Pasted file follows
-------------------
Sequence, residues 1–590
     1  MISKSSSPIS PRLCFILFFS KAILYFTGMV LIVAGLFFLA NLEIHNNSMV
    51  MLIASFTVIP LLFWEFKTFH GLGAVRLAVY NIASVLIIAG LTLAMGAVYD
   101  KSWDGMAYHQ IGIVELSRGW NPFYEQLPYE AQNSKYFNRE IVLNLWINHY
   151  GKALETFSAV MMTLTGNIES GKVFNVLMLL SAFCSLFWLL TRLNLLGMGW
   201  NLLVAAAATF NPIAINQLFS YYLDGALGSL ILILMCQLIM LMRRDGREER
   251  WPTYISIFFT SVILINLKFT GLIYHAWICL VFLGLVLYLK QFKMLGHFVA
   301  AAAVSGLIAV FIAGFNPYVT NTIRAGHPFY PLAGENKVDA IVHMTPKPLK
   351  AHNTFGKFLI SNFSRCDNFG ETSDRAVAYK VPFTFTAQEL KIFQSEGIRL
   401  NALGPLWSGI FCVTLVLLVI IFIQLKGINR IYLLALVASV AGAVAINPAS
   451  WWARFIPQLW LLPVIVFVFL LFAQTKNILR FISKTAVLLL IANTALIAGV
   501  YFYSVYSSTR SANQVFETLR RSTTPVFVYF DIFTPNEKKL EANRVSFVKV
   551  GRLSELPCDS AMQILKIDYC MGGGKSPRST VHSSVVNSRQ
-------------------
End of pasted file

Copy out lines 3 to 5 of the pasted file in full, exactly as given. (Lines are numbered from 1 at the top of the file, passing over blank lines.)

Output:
    51  MLIASFTVIP LLFWEFKTFH GLGAVRLAVY NIASVLIIAG LTLAMGAVYD
   101  KSWDGMAYHQ IGIVELSRGW NPFYEQLPYE AQNSKYFNRE IVLNLWINHY
   151  GKALETFSAV MMTLTGNIES GKVFNVLMLL SAFCSLFWLL TRLNLLGMGW